Port of Tauranga says its revenue will be impacted but not materially by the Government's coronavirus ban on visiting cruise ships as it works with officials and cruise lines to manage the cancellation of the rest of the summer cruise season.
The listed port company said it had been expecting another 15 cruise ships before the end of the season in April and expected these visits to be cancelled. These scheduled calls did not include the Holland America cruise ship the Noordam, which is already tied up at the port for an unprecedented extended visit, but with crew only onboard after a coronavirus-related scheduling change overseas.
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The company did not expect job losses from the cancellations with cruise ship-related seasonal staff to be redeployed to other tasks.
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The loss of the cruise ships visits would allow the port to more efficiently manage the kiwifruit bulk export season, due to begin on Monday, the company said in a notice on social media.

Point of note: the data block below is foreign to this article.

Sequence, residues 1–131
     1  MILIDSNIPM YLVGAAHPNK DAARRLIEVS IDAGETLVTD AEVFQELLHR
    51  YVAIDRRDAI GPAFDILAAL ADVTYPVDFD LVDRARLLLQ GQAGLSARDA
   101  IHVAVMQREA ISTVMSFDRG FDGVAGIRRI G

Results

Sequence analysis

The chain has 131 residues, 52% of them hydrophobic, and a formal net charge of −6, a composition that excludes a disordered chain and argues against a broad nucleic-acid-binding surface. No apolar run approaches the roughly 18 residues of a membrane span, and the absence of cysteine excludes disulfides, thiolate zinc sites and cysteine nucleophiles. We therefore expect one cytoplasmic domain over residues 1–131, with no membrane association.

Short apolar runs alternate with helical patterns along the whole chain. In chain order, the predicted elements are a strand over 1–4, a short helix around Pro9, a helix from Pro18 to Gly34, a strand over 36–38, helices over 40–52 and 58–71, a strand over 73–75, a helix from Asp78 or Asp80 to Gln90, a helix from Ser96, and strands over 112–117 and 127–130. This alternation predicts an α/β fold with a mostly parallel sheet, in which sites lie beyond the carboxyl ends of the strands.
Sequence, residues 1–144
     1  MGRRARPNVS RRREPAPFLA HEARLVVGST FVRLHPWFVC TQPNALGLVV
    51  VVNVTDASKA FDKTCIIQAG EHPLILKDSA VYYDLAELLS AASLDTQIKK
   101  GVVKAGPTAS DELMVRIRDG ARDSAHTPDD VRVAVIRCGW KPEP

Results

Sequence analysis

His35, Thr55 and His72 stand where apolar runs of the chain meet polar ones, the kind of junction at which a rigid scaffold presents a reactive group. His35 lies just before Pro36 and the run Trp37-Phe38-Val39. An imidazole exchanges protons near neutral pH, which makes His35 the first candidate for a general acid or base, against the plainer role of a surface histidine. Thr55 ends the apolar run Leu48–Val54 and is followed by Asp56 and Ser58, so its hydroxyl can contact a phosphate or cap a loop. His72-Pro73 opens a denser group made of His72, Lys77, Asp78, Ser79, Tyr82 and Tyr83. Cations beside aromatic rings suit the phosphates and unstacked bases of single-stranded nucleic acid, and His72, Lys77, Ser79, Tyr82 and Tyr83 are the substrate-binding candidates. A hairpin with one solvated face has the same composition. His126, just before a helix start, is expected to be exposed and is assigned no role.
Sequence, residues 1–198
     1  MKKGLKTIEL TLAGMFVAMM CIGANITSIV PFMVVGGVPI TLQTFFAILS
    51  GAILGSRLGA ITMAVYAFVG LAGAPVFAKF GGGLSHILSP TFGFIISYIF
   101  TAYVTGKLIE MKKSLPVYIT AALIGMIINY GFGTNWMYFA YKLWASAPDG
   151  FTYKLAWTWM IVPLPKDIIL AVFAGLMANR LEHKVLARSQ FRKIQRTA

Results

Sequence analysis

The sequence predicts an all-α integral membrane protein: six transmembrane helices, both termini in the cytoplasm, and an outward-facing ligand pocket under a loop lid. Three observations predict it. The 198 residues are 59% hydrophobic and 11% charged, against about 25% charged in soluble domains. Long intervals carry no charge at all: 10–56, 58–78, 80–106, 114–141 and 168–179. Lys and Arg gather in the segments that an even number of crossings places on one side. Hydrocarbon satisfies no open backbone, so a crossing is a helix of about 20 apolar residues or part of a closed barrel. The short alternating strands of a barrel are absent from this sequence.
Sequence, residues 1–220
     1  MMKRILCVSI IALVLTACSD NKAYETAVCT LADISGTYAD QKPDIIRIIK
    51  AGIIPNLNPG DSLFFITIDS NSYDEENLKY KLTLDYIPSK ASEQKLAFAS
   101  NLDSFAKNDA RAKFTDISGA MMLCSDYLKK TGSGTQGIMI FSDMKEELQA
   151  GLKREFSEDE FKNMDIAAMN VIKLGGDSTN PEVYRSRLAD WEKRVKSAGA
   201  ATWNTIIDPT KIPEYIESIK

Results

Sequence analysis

The Seven Seas Navigator from the Bay of Islands arrived at the port this morning and all passengers were disembarking to return home from Tauranga.
The Ruby Princess and Bremen were to arrive from Napier within the next 24 hours and would complete their itinerary as planned. The ships will leave Tauranga for Auckland tomorrow to disembark their passengers, the port company said.
Cargo ships and their crews remained subject to strict border controls already in place. The rules are administered by the public health unit of the Bay of Plenty District Health Board.
The port company had multiple measures in place to protect the health of port staff, including the provision of protective equipment, cancellation of international travel and ensuring those staff able to work from home can do so if necessary, it said.